Exactly what did researchers find? Middle-aged women who never eat meat may be more likely to break a hip than women who regularly consume meat and/or fish.

More study is needed to understand why vegetarians seem to be at greater risk for hip fractures, but researchers suspect that low body mass index (BMI) and nutrient shortfalls play a role.

“Whilst a lower BMI is beneficial for many health conditions, being underweight can lead to insufficient fat mass, and poor bone and muscle health, which can each increase hip fracture risk,” said study author James Webster. He is a doctoral researcher from the School of Food Science and Nutrition at the University of Leeds in England. BMI is an estimate of body fat based on weight and height. The average BMI of vegetarians in the study was slightly lower than that of meat eaters.

“People with less fat mass have less cushioning during falls, and falls account for 90% of hip fractures,” he explained.

Meat and fish are also excellent sources of several nutrients for bone health, including protein, vitamin B12 and vitamin D.

“It is possible to get most of these nutrients from plant sources, eggs and dairy products, [but] previous studies have found lower intakes of these nutrients in vegetarians,” Webster said. In the study, vegetarians had lower intakes of protein and vitamin B12 than folks who ate meat five or more times each week.

In the study, researchers looked at rates of hip fractures in over 26,000 women aged 35 to 69 who ate meat no more than four times a week (occasional meat eaters); pescatarians who ate fish but not meat; vegetarians; and regular meat-eaters who consumed meat at least five times a week. The women filled out food frequency questionnaires, and these were compared against hospital records to see who suffered a hip fracture. During about 20 years of follow-up, there were 822 hip fractures.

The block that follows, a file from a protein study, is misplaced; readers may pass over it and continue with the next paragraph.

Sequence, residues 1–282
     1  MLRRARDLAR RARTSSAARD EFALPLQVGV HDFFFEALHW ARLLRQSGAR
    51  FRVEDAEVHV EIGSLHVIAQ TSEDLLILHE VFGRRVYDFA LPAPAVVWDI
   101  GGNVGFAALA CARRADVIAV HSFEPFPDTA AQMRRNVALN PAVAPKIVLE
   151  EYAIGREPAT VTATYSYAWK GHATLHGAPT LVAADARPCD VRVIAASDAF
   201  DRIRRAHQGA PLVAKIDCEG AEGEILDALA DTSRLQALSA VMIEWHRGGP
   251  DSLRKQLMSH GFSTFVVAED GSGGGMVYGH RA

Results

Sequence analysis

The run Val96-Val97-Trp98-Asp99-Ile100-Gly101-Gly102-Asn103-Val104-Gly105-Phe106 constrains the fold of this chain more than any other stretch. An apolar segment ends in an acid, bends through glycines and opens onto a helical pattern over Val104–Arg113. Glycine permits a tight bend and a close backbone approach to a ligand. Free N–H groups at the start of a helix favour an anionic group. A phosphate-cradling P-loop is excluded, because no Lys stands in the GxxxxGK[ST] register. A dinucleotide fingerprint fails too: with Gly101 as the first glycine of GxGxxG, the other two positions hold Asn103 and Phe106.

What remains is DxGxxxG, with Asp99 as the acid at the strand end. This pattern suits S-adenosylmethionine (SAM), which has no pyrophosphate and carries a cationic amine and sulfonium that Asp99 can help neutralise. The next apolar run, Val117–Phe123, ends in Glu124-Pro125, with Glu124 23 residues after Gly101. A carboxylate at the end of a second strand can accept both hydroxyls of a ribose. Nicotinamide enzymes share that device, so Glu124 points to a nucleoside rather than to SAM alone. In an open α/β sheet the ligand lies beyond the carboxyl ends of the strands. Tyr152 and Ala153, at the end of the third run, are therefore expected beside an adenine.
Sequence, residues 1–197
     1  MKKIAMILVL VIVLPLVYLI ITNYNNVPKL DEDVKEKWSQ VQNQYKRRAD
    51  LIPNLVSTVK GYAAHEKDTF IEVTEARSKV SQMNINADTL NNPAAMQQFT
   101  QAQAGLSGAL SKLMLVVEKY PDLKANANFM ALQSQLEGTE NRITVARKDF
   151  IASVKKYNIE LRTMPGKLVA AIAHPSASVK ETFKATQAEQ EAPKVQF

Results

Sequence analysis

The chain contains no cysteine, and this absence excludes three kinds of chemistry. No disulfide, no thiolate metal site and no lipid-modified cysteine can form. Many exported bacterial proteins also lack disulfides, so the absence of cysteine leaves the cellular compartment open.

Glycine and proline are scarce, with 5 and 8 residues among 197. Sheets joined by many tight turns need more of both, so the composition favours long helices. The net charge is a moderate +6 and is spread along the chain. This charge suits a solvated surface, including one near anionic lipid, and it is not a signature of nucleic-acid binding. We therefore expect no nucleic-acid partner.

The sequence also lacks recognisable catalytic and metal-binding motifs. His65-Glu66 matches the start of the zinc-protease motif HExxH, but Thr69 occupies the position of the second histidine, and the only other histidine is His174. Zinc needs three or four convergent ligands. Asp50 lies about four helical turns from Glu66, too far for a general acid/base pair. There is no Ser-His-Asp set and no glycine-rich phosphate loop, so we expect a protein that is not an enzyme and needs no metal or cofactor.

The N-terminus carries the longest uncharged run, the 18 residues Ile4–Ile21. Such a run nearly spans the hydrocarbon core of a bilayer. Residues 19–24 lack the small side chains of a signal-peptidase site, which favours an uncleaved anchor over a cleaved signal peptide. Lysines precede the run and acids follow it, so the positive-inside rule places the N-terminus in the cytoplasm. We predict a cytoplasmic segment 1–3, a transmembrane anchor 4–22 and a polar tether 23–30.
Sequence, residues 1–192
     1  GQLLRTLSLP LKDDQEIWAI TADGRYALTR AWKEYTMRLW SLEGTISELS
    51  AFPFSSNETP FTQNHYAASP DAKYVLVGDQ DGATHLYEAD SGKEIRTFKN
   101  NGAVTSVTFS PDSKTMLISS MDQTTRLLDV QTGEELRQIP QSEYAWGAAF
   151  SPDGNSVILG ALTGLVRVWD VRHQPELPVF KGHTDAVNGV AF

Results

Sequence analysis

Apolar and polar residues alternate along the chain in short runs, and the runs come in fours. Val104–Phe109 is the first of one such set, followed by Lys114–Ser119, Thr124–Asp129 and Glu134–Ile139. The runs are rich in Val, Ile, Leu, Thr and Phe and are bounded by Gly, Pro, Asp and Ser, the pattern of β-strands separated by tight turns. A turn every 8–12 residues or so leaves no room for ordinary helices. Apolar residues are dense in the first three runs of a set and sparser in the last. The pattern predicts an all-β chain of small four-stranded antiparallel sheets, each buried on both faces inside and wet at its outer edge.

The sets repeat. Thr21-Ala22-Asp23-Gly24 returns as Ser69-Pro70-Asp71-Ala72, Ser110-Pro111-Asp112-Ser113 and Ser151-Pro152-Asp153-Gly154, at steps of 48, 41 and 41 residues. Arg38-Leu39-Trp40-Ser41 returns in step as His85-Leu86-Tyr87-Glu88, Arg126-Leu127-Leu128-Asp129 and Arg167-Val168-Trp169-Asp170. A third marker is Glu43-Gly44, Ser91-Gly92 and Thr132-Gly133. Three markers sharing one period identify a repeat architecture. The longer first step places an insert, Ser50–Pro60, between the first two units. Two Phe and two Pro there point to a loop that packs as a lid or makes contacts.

Vegetarians were the only group who had an elevated risk of hip fracture once researchers controlled for other factors known to increase this risk, including smoking status and physical activity level.

The findings were published online Thursday in the journal BMC Medicine.

There are steps that vegetarians can take to better protect their bones while enjoying the heart and other health benefits of a plant-based diet, Webster said. This starts with maintaining a healthy weight, which increases the likelihood of healthy bones and muscles, and helps to reduce hip fracture risk.

Eating lots of fruits and vegetables, nuts, legumes, beans and whole grains provides most of the nutrients needed for bone health and fracture prevention, he added.

Consider fortified foods and supplements, too, he suggested. “Eating foods fortified with key nutrients or taking nutritional supplements can also help avoid nutritional deficiencies, particularly for vitamin B12 and omega-3 fatty acids, which are difficult to get from plant foods directly,” Webster said.

Avoiding smoking and excessive alcohol consumption, while getting regular exercise, can also help keep bones strong. “Resistance exercise, where you lift or pull against resistance, such as weight training, may be particularly beneficial through increasing bone and muscle strength,” Webster said.

New Austrian research published last week backs up this advice: Vegans who lift weights or do strength training have stronger bones than vegans who only do other forms of exercise, such as biking or swimming.

Dietitians not involved with the new study pointed out that building strong and healthy bones involves more than just getting enough calcium.

Magnesium, potassium, boron, zinc, copper, manganese, vitamin D and vitamin K2 are also important, said Robin Foroutan, a New York dietitian.

“Protein is critically important to building a strong and flexible bone matrix,” she said. “Vegetarian sources of protein may be more difficult to digest and absorb for some people, which makes the protein less bioavailable.”

Focusing on high-quality sources of vegetarian protein, as well as dark leafy greens, nuts, seeds and other high-mineral plant foods, can support healthy bones, Foroutan said.

Lona Sandon, program director of clinical nutrition in the School of Health Professions at University of Texas Southwestern Medical Center in Dallas, agreed.

Her advice to vegetarians? “Aim for plenty of quality protein from eggs and dairy sources if they are willing to include these in their diet,” Sandon said. If not, up your bean, legume, nut, nut butter and seed intake to assure adequate amounts of all the bone-building nutrients beyond calcium.

Marion Nestle, a retired professor of nutrition, food studies, and public health at New York University, cautioned that more research is needed before drawing any conclusions about fracture risk in vegetarians.

“Vegetarians who don’t eat red meat but eat other animal products should be at no higher risk for bone fractures,” she said, but underweight vegans, however, could be missing essential nutrients.

More information

Learn more about how to eat a healthy vegetarian diet at the Academy of Nutrition and Dietetics.